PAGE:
Obama Combines Security Councils, Adds Offices for Computer and Pandemic Threats

By Spencer S. Hsu
Washington Post Staff Writer
Wednesday, May 27, 2009

President Obama announced yesterday that he will merge the staffs of the Homeland Security Council and the National Security Council to speed up and unify security policymaking inside the White House.

The combined national security staff, about 240 people, will report to national security adviser James L. Jones.

The White House also will add new offices for cybersecurity, for terrorism involving weapons of mass destruction, and for "resilience" -- a national security directorate aimed at preparedness and response for a domestic WMD attack, pandemic or natural catastrophe, officials said.

"The challenges of the 21st century are increasingly unconventional and transnational, and therefore demand a response that effectively integrates all aspects of American power," Obama said in a statement.

Obama's changes to the national security structure, to be implemented over six weeks, address concerns that President George W. Bush created an overlapping White House bureaucracy by establishing the Homeland Security Council after the Sept. 11, 2001, terrorist attacks. The 9/11 Commission, among others, recommended merging it into the NSC.

Instead, Obama will preserve the Homeland Security Council's role as the main forum for government policymaking on issues such as terrorism, weapons of mass destruction, natural disasters and pandemic influenza. Doing so will improve state and local officials' access to the White House and does not require an act of Congress, aides said.

"The idea that somehow counterterrorism is a homeland security issue doesn't make sense when you recognize the fact that terror around the world doesn't recognize borders," Jones told reporters in a briefing. "There is no right-hand, left-hand anymore."

John O. Brennan, Obama's assistant for homeland security and counterterrorism, will continue to report to Jones as a deputy and maintain direct access to the president.

"There's no diminishment at all of the effort on" counterterrorism, Brennan said.

Jones and Brennan, whom Obama tapped Feb. 23 to lead a 60-day organizational review, said the changes will strengthen the White House security staff, which includes aides detailed from other departments.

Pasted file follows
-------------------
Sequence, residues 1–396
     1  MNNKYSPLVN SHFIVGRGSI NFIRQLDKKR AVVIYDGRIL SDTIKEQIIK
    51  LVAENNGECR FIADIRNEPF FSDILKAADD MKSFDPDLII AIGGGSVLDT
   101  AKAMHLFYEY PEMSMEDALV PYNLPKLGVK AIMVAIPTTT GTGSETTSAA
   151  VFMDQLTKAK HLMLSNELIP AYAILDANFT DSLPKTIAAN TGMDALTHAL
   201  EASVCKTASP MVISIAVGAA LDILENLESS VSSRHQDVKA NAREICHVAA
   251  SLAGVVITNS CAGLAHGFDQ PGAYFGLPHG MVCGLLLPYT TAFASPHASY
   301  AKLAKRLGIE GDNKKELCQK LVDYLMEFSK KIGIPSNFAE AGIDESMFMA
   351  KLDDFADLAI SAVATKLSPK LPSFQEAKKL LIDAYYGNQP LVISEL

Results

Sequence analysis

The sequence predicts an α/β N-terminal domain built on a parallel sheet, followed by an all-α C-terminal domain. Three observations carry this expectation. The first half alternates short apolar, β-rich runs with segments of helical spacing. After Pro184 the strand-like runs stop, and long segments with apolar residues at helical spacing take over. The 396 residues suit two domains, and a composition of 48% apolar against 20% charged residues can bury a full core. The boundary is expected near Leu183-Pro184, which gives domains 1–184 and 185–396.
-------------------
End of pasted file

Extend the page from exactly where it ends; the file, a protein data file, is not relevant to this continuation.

Among other things, Obama is establishing a new global engagement directorate to coordinate U.S. communications with other countries and to streamline U.S. diplomatic, aid, environment and energy policies in support of security objectives, officials said.

Jones said the biggest pitfall for the new structure will be if he and Brennan "don't achieve this degree of collegiality that we've achieved," adding: "If we don't do this well . . . that will contribute to instability."

Senior lawmakers in Congress and former Bush aides generally praised the moves.

Kenneth Wainstein, Brennan's immediate predecessor, praised the administration's "inclusive" approach and said it allayed fears that changes "might diminish the perceived importance of homeland security issues."

"It doesn't bury the homeland equities," said Frank J. Cilluffo, director of George Washington University's Homeland Security Policy Institute, who served as assistant to the president for homeland security in 2003.

However, Frances Fragos Townsend, who served in Brennan's role from 2005 to 2008, cautioned in an e-mail that he "will no longer have direct control of the resources required to the job."

"John Brennan and Gen. Jim Jones are experienced, competent professionals and they will bear the burden of ensuring the necessary resource allocations across the broad spectrum of threats against the United States," Townsend wrote.

Sen. Susan Collins (R-Maine), the top Republican on the Senate homeland security committee, said she remained "concerned" that changes may dilute the focus of Brennan and homeland security staffers.

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